It’s no wonder so many Americans that decade had such little faith in policing, including residents of Menlo Park. To help rebuild that trust, the newly appointed police chief, Cizanckas, then 39 years old, decided it was time for the most superficial reform — he’d change the department’s uniform. For years, Menlo Park’s officers wore the same, neatly pressed, dark blue attire that commanded military authority. Cizanckas switched out that uniform in favor of a white shirt, dark tie, pair of charcoal slacks, and an olive green blazer. Handcuffs and firearms were hidden underneath the coat, while the shiny metal badge was replaced with a soft embroidered patch. Cizanckas even dropped the department’s use of black-and-white police cars, military stripes, and ranking. “Sergeants” were now called “managers,” while “lieutenants” became “directors.” “We should measure what we do and treat our command staff as managers,” Cizanckas told The New York Times, “not as members of a military hierarchy.”
Since the 1970s, over 400 police departments have engaged in some kind of fashion experiment. In Burnsville, Wisconsin, police chief David Couper dressed his officers in a dark blue sport coat, white shirt, and French blue trousers, making them look like airline attendants. He also discouraged officers from wearing reflective aviator sunglasses when making traffic stops. “Make eye contact,” he suggested, “make sure they know you’re a human being.” Many departments tried lightening the color of their uniforms in hopes that officers would appear less intimidating. In some suburban and countryside towns, officers wore the color of the land, such as juniper green and walnut brown. And by the mid-1980s, NYPD officers tried wearing baseball caps so they would “look more user-friendly,” according to The New York Times.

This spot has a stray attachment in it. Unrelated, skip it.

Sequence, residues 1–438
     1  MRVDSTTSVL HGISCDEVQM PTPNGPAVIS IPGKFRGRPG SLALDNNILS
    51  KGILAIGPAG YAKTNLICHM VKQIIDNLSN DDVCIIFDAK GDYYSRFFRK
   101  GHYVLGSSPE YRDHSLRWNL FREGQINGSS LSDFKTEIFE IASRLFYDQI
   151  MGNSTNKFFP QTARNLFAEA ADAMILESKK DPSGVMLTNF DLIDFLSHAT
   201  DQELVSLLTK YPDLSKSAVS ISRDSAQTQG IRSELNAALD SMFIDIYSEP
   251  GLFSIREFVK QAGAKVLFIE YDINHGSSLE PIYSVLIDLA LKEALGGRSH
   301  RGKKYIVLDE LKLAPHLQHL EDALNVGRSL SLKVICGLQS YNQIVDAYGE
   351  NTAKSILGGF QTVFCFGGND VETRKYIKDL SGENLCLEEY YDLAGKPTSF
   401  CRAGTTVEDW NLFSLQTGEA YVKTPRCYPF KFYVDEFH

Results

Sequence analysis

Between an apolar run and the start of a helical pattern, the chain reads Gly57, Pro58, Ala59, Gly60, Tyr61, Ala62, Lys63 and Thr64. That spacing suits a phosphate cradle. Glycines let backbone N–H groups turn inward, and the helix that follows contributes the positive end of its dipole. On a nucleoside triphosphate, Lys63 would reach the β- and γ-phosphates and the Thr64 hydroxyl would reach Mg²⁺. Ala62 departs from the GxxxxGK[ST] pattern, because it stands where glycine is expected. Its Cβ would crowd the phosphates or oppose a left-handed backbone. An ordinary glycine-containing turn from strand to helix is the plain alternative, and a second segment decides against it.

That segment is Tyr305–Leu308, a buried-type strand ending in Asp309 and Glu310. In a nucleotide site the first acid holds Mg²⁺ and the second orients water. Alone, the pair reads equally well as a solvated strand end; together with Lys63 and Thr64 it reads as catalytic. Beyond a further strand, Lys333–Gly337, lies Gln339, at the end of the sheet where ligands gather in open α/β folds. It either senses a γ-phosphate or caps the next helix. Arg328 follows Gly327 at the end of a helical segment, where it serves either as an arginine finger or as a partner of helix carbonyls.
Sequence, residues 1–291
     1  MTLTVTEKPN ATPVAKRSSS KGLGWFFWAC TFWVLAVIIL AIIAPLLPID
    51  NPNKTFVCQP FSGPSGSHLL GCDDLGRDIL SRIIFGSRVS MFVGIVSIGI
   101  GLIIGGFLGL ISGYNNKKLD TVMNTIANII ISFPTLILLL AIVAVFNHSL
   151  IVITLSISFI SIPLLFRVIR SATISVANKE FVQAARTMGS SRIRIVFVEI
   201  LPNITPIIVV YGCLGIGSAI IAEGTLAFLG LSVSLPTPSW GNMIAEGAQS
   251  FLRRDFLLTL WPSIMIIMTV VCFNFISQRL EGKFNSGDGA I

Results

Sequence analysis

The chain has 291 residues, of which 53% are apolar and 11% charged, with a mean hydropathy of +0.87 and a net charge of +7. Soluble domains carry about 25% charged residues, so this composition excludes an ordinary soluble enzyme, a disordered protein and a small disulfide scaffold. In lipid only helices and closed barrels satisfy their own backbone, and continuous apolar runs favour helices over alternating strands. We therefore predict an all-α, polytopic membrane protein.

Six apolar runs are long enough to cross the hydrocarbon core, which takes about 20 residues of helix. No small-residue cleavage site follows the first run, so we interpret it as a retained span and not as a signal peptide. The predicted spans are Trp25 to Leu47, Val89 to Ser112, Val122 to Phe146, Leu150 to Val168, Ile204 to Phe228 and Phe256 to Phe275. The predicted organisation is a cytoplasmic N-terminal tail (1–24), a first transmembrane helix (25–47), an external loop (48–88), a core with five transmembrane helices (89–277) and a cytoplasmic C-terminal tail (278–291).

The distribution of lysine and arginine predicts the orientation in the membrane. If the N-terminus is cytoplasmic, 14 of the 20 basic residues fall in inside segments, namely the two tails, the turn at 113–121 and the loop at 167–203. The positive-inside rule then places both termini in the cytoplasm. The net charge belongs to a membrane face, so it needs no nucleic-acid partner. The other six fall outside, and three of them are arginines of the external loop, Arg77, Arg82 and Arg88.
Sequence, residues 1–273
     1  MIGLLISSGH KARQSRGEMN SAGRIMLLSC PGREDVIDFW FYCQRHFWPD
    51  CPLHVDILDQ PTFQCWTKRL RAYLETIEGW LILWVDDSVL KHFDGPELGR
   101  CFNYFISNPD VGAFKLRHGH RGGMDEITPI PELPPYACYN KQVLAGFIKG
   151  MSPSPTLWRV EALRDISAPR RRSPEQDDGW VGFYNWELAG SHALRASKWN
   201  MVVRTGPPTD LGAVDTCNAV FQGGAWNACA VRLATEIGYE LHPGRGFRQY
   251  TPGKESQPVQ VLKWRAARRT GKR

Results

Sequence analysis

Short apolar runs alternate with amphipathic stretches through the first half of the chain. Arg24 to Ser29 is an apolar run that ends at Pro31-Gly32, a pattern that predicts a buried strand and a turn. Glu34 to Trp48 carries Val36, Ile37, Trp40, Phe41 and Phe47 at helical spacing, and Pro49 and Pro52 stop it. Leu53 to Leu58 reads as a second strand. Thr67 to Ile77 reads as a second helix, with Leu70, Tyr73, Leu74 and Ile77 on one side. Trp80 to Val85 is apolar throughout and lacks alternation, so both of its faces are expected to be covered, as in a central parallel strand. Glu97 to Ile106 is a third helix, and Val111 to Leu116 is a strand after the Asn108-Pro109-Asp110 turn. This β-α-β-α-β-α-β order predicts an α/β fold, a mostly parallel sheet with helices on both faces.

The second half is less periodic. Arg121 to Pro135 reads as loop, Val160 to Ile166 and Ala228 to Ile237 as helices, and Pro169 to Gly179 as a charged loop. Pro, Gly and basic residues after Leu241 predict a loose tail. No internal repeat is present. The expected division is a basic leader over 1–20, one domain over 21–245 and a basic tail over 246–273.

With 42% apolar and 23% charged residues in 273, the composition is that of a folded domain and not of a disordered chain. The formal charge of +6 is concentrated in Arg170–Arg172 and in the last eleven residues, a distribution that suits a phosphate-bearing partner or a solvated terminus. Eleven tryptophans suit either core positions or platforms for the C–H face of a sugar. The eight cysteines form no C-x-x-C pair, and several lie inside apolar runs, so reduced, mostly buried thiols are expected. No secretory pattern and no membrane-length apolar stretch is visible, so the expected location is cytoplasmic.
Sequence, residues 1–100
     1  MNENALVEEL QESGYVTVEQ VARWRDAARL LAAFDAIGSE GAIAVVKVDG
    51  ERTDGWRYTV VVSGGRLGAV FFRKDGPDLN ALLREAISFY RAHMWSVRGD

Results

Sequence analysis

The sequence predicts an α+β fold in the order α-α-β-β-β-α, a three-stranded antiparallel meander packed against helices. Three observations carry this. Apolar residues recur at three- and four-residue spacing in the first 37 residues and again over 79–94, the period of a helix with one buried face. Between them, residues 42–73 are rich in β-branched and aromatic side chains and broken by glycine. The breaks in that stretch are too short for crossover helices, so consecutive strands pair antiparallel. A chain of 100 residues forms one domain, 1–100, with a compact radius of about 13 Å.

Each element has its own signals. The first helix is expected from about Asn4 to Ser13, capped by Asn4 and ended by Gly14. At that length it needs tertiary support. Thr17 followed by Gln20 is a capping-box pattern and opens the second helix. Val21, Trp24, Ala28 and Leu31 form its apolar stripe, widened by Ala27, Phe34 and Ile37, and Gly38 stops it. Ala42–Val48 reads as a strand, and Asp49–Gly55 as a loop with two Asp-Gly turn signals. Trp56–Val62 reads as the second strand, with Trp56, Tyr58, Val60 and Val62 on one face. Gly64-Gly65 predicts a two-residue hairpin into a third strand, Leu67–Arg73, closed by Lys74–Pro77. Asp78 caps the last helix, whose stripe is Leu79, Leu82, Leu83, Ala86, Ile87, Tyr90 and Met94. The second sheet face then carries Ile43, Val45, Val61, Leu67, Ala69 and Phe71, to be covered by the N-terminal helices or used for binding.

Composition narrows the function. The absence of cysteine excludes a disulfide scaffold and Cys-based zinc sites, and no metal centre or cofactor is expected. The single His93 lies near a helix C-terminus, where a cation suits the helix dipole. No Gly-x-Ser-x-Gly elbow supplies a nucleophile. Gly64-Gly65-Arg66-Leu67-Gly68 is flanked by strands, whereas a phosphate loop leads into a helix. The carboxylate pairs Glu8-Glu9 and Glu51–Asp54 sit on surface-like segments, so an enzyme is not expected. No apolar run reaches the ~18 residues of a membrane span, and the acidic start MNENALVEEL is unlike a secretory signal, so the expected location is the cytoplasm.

It's been barely a month since J. Crew filed for Chapter 11 bankruptcy, making it the first major retailer to fall during the coronavirus pandemic. Since then, an alarming number of fashion-related businesses have followed, including Neiman Marcus, Aldo, John Varvatos, JC Penney, and J. Hilburn. This month may lay claim on one of the largest men's clothiers. In a phone call that took place late last April, Brooks Brothers CEO Claudio del Vecchio allegedly told a group of senior executives that that company plans to file for Chapter 11 bankruptcy this June.